Code Construction and Content

May 29, 2009
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Writing Style and Organization

The manner in which the code is written, organized and presented will have an important impact on the degree to which employees will understand the code or refer back to it. Because an organization generally intends its code to be read by employees at different levels of responsibility and in a wide range of functional areas, the code should be written in plain, direct language. The syntax should be uncomplicated.

Guidelines for writing an ethics code:1

  • Be clear about the objectives that the code is intended to accomplish.
  • Get support and ideas for the code from all levels of the organization.
  • Be aware of the latest developments in the laws and regulations that affect your industry.
  • Write as simply and clearly as possible. Avoid legal jargon and empty generalities.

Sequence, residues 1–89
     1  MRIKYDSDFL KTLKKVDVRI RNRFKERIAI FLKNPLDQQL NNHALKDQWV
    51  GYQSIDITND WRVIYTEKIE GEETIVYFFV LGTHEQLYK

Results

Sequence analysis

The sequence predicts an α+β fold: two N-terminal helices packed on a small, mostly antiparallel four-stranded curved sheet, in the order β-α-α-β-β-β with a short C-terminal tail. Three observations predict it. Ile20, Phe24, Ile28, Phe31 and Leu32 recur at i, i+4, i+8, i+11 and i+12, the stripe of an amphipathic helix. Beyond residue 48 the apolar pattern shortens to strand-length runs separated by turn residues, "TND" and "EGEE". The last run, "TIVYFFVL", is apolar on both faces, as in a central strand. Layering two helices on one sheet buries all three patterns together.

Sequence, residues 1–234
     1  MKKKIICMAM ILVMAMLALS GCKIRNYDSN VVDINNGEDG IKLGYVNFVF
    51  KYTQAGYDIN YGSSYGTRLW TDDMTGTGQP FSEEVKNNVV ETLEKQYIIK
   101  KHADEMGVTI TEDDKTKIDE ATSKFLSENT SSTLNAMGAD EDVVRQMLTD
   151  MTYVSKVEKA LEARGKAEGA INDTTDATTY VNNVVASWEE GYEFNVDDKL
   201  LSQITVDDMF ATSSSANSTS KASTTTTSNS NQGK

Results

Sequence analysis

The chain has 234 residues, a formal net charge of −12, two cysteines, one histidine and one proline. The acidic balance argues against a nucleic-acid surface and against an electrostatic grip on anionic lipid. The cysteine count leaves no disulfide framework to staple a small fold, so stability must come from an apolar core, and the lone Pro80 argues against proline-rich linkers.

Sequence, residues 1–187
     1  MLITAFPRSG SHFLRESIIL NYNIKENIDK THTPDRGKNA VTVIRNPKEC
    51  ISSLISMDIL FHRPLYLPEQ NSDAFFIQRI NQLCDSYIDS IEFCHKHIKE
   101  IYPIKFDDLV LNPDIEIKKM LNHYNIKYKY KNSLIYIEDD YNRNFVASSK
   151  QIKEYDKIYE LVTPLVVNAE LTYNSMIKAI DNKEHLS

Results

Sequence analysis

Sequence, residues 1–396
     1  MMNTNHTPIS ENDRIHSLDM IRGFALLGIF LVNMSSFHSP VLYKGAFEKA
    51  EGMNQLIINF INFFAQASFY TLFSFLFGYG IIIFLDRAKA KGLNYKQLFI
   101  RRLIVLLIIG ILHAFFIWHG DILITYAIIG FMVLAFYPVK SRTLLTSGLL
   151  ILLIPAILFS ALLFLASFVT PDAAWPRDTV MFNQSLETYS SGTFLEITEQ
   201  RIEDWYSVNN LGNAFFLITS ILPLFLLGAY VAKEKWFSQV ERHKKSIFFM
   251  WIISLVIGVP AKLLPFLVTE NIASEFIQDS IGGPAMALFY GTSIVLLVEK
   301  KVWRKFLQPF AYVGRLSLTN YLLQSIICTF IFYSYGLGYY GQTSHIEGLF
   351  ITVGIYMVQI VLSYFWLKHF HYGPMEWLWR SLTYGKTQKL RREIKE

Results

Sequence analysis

• Respond to real-life questions and situations.
  • Provide resources for further information and guidance.
  • In all its forms, make it user-friendly because ultimately a code fails if it is not used.

Form and Content

There are different ways of structuring codes. We recommend the following code outline:

I.    MEMORABLE TITLE
II.   LEADERSHIP LETTER
III.  TABLE OF CONTENTS
IV.  INTRODUCTION-PROLOGUE
V.   CORE VALUES OF ORGANIZATION
VI.  CODE PROVISIONS-SUBSTANTIVE MATTERS
VII.  INFORMATION AND RESOURCES

1. Driscoll, Dawn-Marie and W. Michael Hoffman, Ethics Matters: How to Implement Values-Driven Management, 2000, p. 77.